So, it can be demonstrated that executive privilege is necessary for the effective functioning of the Executive Branch and that it is a necessary barrier in the concept of the separation of powers. Executive privilege, if properly used, can and has been used to protect the security of the United States and the interests of her people.

However, as implied above, executive privilege is not supposed to be absolute or arbitrary.

In the case of United States vs Nixon, SCOTUS considered the limits of executive privilege. Nixon, as you'll recall, was subpoenaed by the Watergate special prosecutor, with the authority of Congress, to turn over Oval Office tapes and written records relevant to the criminal case against members of his administration. Nixon refused and claimed executive privilege. In 1974, the case ended up before the Supreme Court who stated: "[there is a] valid need for protection of communications between high Government officials and those who advise and assist them in the performance of their manifold duties...Human experience teaches that those who expect public dissemination of their remarks may well temper candor with a concern for appearances and for their own interests to the detriment of the decision making process." However, the court ruled that the privilege is not without bounds, and while the president does indeed have a need for certain degrees of confidentiality in the performance of his duties, that confidentiality must yield to the interests of the government as a whole and to the defendants in a criminal prosecution. The court ordered Nixon to turn over the records. Two weeks later Nixon complied with the order and turned over the information - less the infamous missing 19 minutes of audio tape - and resigned four days later when it became obvious that he was attempting to use executive privilege to cover up criminal activity.

Despite the court's ruling in the Nixon case, the exact criteria for invoking executive privilege and the exact scope and boundaries of its use have never been fully specified. As such, executive privilege is subject to broad interpretation by each president. And the precedent of Jefferson's voluntary compliance still holds sway.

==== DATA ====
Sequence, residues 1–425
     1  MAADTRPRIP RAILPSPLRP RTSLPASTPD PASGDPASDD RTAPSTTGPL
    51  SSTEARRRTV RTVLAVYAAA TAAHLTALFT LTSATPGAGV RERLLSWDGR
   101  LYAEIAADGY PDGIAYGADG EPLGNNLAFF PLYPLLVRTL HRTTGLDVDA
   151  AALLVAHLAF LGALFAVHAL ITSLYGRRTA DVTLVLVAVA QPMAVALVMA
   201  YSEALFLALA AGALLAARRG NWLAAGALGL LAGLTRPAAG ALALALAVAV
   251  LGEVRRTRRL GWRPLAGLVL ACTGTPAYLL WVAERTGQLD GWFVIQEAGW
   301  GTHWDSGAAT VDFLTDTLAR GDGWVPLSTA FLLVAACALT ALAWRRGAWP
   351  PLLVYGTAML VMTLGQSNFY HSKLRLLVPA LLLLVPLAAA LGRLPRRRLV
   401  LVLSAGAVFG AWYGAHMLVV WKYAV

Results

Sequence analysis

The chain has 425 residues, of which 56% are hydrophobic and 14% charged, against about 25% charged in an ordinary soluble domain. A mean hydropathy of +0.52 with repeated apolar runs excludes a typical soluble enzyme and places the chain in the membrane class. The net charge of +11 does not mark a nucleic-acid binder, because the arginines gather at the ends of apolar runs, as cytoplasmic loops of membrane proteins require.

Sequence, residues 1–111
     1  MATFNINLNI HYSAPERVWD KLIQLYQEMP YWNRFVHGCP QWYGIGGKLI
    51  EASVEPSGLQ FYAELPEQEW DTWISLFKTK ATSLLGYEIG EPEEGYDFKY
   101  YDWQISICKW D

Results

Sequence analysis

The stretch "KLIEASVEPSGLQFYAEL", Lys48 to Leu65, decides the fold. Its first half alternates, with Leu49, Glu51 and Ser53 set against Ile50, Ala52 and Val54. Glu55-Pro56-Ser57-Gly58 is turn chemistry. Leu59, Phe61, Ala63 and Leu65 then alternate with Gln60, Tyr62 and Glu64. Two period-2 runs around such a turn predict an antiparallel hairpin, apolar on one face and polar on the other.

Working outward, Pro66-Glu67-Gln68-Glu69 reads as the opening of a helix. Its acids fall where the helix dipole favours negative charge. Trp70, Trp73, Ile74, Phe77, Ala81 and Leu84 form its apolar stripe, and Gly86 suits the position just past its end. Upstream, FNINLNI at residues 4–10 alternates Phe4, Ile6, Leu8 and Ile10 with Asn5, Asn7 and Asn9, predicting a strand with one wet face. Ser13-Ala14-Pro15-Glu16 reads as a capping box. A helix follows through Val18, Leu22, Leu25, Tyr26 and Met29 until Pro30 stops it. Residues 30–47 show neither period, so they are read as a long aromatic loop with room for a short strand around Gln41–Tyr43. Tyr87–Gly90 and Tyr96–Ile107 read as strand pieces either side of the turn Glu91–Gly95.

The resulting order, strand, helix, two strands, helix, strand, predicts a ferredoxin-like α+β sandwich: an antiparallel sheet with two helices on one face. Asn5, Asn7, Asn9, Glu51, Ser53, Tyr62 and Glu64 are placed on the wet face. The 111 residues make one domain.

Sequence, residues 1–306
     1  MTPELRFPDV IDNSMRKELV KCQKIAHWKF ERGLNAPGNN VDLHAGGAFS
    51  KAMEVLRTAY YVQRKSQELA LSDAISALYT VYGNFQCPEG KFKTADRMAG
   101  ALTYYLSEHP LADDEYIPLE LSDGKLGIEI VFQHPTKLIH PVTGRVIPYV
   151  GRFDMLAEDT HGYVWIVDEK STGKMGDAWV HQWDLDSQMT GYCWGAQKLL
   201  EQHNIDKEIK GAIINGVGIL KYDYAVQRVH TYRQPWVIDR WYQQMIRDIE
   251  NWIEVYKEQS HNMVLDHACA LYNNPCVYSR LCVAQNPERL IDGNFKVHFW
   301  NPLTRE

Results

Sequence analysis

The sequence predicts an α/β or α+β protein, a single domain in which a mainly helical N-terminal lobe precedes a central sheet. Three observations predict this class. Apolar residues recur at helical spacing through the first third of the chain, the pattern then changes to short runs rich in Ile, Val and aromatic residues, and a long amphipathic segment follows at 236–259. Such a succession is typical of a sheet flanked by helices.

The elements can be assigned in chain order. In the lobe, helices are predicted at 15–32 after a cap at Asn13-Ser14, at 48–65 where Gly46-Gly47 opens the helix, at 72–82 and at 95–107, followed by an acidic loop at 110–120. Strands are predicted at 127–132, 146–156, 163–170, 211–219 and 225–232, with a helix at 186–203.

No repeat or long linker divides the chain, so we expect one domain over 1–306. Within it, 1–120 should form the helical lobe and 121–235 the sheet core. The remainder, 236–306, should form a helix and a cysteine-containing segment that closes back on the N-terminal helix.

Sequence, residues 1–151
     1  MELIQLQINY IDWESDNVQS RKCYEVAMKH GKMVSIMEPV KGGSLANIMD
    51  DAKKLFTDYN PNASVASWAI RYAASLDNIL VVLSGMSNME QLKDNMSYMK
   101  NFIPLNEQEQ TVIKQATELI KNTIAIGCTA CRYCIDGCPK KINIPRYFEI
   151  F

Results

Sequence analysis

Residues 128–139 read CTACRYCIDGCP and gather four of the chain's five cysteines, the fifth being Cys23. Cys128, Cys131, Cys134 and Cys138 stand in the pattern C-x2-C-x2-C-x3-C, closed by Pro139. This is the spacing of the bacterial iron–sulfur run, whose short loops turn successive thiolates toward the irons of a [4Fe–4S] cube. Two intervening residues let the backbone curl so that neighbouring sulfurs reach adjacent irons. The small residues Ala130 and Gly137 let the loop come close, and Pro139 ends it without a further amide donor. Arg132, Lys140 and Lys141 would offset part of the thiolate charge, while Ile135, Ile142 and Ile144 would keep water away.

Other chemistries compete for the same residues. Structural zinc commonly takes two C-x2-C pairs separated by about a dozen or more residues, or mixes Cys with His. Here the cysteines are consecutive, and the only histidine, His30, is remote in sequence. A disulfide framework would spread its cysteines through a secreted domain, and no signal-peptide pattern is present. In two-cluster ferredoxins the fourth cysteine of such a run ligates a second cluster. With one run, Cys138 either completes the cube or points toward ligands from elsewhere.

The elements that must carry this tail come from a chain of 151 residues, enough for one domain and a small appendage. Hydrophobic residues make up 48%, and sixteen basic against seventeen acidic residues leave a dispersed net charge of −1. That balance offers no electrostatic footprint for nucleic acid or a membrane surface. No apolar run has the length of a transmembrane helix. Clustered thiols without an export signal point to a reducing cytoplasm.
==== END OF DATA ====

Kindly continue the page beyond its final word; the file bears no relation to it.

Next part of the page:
For example, President Clinton negotiated the terms of his testimony before the grand jury regarding the Monica Lewinsky, affair rather than directly complying with the Independent Counsel's subpoena - not for nothing is William Clinton's middle name Jefferson.

And the Clinton case established a precedent too.

See, according to the founders of this country, executive privilege was only supposed to be invoked in matters of national security and the safety of her people. It was never intended to protect the Executive Branch from criminal activity.

Therein lies the problem. Intention. Human nature being what it is, not what we'd like it to be, means that the old platitude of power corrupts and absolute power corrupts absolutely is true and always will be.

We used to have a saying the military: Rank has its privileges. And it was true, rank does indeed have its privileges - but rank also has its responsibilities. The best leaders were the ones who always, every second of their lives, placed their responsibilities first, and took advantage of their privileges sparingly. But, always and inevitably, there were those who wallowed in the privileges of their rank, and gave mere lip service to the responsibilities. Those people were, and are, despised utterly. But their existence in the chain of command is predictable - given human nature. The best you can do is to establish rules and regulations governing the responsibilities of each rank and hold each member strictly accountable for the execution of those duties.